Foxconn is the world's largest maker of computer components and produces items for Apple, Dell, Hewlett-Packard,Sony and Nokia. It employs about 1 million people in China, about half of them based in its main facility in the southern city of Shenzhen. Foxconn has been expanding its workforce into other parts of China as it seeks to scale back the size of its Shenzhen plant.

I am 60 years old. I taped the GD numerous times in 1973. The GD used Ampex audio tape decks many times to record their SBDs, albums, and other commercial releases. I also taped many other bands and worked as a soundman. After that I worked for Ampex for 6 years. I worked over 30 years in electronics. Ampex invented the videotape recorder in 1955.

Alembic developed and produced much of the equipment that was used in the Wall of Sound. Ron Wickersham, one of Alembic's founders, worked previously as an audio engineer for Ampex.

To the very best of my knowledge:

a) Ampex never had any explosions in their main Audio-Video Systems Division factory in Colorado Springs. Ampex workers were not getting killed there on the job. This plant operated in Colorado for many years during the '70s, '80s, and '90s. I worked there for 3 years. Ampex workers were not severely stressed out and subjected to harsh working conditions. In fact, no Ampex workers ever committed suicide due to these reasons.

b) Alembic never had any explosions in their main facility. Alembic workers are not getting killed there on the job, nor have I ever heard of any of them committing suicide due to being subjected to harsh working conditions.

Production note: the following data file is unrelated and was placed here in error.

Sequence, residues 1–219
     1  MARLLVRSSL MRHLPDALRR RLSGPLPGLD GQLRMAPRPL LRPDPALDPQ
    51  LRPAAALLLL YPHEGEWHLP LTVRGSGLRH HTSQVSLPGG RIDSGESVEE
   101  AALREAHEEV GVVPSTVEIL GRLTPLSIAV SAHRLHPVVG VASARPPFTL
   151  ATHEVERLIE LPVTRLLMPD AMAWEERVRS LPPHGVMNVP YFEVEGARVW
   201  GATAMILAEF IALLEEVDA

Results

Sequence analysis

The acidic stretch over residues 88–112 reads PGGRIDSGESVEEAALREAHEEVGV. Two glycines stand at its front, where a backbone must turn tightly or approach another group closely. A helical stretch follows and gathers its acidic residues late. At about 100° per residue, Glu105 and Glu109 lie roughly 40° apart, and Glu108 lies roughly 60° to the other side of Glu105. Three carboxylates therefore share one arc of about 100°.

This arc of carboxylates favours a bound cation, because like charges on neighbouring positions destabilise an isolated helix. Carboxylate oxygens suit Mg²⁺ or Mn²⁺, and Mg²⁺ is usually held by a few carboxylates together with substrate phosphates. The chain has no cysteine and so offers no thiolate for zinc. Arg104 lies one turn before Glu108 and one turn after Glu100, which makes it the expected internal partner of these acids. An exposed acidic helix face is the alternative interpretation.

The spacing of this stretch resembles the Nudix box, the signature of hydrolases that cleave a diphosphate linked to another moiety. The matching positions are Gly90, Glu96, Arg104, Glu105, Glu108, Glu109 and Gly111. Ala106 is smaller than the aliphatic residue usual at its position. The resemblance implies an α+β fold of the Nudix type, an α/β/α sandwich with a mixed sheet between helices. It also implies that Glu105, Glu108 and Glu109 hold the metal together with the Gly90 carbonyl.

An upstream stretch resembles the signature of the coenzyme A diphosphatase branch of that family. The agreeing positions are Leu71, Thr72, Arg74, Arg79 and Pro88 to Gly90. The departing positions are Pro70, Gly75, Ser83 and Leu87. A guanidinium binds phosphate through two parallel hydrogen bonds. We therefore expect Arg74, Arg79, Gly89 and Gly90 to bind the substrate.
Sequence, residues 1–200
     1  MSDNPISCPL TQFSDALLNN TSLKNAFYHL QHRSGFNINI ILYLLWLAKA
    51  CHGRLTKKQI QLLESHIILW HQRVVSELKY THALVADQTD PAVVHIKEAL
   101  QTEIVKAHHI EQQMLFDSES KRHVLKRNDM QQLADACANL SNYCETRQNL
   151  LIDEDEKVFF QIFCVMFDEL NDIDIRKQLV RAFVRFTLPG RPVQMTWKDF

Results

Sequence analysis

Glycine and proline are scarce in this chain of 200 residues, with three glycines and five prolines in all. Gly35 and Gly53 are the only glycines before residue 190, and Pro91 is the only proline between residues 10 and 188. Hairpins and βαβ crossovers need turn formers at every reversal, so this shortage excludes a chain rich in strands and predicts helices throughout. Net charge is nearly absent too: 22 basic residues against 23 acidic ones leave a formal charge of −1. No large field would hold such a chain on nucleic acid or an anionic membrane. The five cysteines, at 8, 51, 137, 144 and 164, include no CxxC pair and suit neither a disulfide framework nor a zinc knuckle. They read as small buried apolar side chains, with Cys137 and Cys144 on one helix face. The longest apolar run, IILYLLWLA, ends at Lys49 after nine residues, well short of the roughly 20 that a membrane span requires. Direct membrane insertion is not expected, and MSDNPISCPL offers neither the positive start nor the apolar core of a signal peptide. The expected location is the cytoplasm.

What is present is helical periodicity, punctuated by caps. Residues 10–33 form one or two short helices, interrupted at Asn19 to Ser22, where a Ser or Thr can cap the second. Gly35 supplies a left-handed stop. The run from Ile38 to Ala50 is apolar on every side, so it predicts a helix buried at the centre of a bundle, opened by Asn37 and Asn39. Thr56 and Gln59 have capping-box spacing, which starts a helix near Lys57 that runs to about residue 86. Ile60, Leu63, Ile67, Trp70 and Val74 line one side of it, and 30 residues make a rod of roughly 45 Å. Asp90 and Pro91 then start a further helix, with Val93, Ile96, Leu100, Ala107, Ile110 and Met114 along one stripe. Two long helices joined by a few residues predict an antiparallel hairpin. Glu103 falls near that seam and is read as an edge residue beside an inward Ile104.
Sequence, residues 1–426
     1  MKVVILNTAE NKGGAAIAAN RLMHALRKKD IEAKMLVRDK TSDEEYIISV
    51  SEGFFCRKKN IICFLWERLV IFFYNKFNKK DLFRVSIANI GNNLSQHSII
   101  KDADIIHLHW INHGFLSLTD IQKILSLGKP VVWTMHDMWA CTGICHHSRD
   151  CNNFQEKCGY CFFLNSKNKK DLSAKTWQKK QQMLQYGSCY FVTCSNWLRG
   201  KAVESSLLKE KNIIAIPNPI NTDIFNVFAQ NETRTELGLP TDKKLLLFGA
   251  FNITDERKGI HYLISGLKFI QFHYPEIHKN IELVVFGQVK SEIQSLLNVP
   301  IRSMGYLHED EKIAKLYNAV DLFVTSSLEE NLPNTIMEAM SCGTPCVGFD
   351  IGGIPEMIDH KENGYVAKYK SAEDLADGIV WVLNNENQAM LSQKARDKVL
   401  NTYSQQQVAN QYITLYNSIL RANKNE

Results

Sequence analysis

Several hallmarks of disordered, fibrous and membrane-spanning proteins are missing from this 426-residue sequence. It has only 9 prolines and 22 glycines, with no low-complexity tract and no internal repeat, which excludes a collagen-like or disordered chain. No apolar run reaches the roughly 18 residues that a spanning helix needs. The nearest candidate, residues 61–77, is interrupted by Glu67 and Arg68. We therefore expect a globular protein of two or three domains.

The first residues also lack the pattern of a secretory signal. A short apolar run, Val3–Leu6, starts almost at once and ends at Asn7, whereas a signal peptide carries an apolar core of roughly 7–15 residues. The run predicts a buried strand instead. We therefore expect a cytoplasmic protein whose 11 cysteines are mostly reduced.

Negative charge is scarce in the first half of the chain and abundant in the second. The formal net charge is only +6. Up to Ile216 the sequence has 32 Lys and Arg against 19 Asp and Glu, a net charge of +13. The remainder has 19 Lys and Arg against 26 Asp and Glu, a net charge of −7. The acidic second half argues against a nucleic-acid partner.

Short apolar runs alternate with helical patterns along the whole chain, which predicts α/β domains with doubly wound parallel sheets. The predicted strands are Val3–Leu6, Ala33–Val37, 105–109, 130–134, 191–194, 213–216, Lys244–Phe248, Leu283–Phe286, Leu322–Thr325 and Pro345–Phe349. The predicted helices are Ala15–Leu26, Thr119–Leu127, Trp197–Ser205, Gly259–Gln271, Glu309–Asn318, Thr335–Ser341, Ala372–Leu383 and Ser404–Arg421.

hey Apple (HP and Dell): Blow Me! Steve Jobs is a murderer and a traitor! Apple is guilty of Crimes Against Humanity. This is Treason to electronics workers in America and elsewhere.



This post was modified by dead-head_Monte on 2011-07-01 19:03:37

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Poster: Jim F Date: Jun 30, 2011 10:46pm
Forum: GratefulDead Subject: Re: weres' the wall

Yeah I've always heard that they cannibalized it and sold it off in pieces. I think like the Airplane or Starship or whatever used a couple pieces of it as their entire PA system. Surely broken down, the thing could have supplied a number of bands or venues with an effective PA. Hell the last time I saw Furthur, their system looked like maybe 1/10 of The Wall.